Requirements

The team had multiple requirements for their new DBaaS. First, they needed a resilient solution that could survive datacenter or regional failures. In the event of a regional failure, they needed their database to remain available so customers could access important facilities. The team also wanted to scale globally to reach its widespread customer base, but they needed low-latency reads for their time-sensitive use cases. In addition, they wanted to achieve this global scale without manual sharding.

Another requirement was compliance with data domiciling laws, such as GDPR. The manufacturer has customers across the European, Asia, and North America, and they needed to ensure European customer data remained in Europe. If possible, they wanted to pin row-level data to individual countries. Finally, they needed the ability to stream a log of their transactional updates into their Elasticsearch, Logstash, and Kibana stack as an event bus for microservices.

 

Solution: A Global Managed CockroachDB Deployment

The manufacturer evaluated various solutions, including Google Spanner and Amazon Aurora, and they decided Managed CockroachDB best met their requirements. The team is also a proponent of Golang and open source projects, and they were impressed by the quality of review processes and code they found on the CockroachDB repository.

Managed CockroachDB is a single-tenant, secure, fully managed and hosted service that runs Enterprise CockroachDB in Amazon Web Services (AWS) or Google Cloud Platform (GCP). The Managed CockroachDB team removes the operational complexity of setting up and maintaining a distributed database, so that application teams can focus on building their business applications. Since removing operational burden was a key criteria for the manufacturer’s team, using the hosted solution of CockroachDB was a no-brainer option.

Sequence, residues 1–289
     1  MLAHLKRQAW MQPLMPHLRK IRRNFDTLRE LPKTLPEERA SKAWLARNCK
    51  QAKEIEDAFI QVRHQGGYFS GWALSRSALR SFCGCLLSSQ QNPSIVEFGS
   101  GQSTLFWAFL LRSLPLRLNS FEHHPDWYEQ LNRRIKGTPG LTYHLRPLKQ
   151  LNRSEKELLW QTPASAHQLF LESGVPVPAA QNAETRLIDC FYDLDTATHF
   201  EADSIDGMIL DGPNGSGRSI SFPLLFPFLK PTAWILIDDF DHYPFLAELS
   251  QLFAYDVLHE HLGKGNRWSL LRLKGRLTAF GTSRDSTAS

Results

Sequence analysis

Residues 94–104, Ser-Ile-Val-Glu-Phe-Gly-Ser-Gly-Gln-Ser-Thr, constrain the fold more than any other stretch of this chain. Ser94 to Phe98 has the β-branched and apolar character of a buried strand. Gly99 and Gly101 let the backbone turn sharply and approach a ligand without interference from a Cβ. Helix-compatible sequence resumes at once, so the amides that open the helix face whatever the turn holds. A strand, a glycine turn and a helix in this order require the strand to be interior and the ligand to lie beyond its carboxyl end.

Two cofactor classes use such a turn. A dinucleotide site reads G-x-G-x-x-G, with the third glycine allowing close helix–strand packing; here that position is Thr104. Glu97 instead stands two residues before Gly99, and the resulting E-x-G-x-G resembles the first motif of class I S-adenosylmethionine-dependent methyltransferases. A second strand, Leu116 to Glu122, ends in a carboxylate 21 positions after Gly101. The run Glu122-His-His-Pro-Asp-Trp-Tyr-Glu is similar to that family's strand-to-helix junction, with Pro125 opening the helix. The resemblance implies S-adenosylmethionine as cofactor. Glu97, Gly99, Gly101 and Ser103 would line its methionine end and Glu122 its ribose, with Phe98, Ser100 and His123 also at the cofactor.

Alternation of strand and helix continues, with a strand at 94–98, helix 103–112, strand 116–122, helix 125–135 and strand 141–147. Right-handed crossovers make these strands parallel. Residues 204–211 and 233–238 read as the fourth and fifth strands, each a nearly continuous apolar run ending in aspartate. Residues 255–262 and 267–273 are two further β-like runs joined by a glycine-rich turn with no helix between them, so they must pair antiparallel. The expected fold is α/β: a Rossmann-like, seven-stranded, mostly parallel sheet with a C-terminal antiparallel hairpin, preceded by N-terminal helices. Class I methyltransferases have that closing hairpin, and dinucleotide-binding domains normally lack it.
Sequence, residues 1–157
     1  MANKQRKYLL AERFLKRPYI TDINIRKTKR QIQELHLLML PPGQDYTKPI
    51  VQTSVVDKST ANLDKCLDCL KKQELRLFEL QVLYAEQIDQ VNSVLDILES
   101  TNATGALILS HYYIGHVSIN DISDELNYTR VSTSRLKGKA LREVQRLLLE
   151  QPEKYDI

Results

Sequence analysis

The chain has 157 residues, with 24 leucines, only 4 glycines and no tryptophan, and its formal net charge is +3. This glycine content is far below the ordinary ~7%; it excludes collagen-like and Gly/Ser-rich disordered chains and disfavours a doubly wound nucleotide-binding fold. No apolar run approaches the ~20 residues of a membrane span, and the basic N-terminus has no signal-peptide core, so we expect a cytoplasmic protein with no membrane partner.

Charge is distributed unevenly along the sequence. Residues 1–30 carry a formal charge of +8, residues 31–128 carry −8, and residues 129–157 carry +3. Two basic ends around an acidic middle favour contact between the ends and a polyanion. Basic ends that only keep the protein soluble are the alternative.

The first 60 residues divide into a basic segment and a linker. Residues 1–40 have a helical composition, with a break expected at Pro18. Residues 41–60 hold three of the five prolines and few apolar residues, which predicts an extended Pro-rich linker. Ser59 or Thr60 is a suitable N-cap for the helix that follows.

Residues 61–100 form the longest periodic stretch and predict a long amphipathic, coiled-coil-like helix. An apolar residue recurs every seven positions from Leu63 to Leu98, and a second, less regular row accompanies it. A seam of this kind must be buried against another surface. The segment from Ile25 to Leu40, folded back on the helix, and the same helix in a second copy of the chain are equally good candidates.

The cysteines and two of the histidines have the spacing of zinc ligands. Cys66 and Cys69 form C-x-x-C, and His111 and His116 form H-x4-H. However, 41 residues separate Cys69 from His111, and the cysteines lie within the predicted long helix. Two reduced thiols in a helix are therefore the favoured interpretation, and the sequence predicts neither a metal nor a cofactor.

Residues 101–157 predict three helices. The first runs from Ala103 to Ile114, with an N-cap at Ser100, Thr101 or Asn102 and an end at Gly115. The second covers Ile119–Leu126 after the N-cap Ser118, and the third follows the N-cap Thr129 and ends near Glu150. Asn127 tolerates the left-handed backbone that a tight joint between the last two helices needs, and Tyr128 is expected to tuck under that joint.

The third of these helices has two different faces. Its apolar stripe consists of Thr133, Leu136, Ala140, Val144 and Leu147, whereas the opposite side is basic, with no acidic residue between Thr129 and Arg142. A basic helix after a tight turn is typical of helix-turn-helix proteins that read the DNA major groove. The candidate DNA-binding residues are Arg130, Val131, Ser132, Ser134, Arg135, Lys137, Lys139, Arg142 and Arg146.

Cockroach Labs created a global Managed CockroachDB deployment to meet the manufacturer’s goals. The Cockroach Labs team set up a total of nine nodes, spread across three regions: US-East, Europe-West, and Asia-East. Within each region, there are three different availability zones that each house one node. The manufacturer’s team then used a feature called geo-partitioned replicas to pin row-level data to specific regions; for example, European customer data is pinned to Europe-West. No additional work or manual sharding was required to create this global deployment, since Managed CockroachDB automatically scales and breaks data into sections called ranges. If the manufacturer decides to expand into new regions, scaling will be as simple as spinning up new nodes and pointing them at the cluster.